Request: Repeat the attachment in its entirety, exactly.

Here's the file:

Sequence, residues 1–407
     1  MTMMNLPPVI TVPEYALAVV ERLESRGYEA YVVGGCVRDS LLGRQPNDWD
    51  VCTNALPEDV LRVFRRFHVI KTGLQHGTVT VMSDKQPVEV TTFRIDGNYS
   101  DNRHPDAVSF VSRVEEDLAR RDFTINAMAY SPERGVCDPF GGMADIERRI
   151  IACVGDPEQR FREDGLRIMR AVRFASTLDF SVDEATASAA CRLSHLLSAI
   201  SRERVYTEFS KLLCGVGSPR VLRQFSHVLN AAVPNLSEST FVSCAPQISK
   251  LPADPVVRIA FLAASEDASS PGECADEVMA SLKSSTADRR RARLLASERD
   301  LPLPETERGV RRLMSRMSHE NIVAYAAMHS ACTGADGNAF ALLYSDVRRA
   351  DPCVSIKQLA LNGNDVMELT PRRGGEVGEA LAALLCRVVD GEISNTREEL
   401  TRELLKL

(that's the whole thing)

Sequence, residues 1–407
     1  MTMMNLPPVI TVPEYALAVV ERLESRGYEA YVVGGCVRDS LLGRQPNDWD
    51  VCTNALPEDV LRVFRRFHVI KTGLQHGTVT VMSDKQPVEV TTFRIDGNYS
   101  DNRHPDAVSF VSRVEEDLAR RDFTINAMAY SPERGVCDPF GGMADIERRI
   151  IACVGDPEQR FREDGLRIMR AVRFASTLDF SVDEATASAA CRLSHLLSAI
   201  SRERVYTEFS KLLCGVGSPR VLRQFSHVLN AAVPNLSEST FVSCAPQISK
   251  LPADPVVRIA FLAASEDASS PGECADEVMA SLKSSTADRR RARLLASERD
   301  LPLPETERGV RRLMSRMSHE NIVAYAAMHS ACTGADGNAF ALLYSDVRRA
   351  DPCVSIKQLA LNGNDVMELT PRRGGEVGEA LAALLCRVVD GEISNTREEL
   401  TRELLKL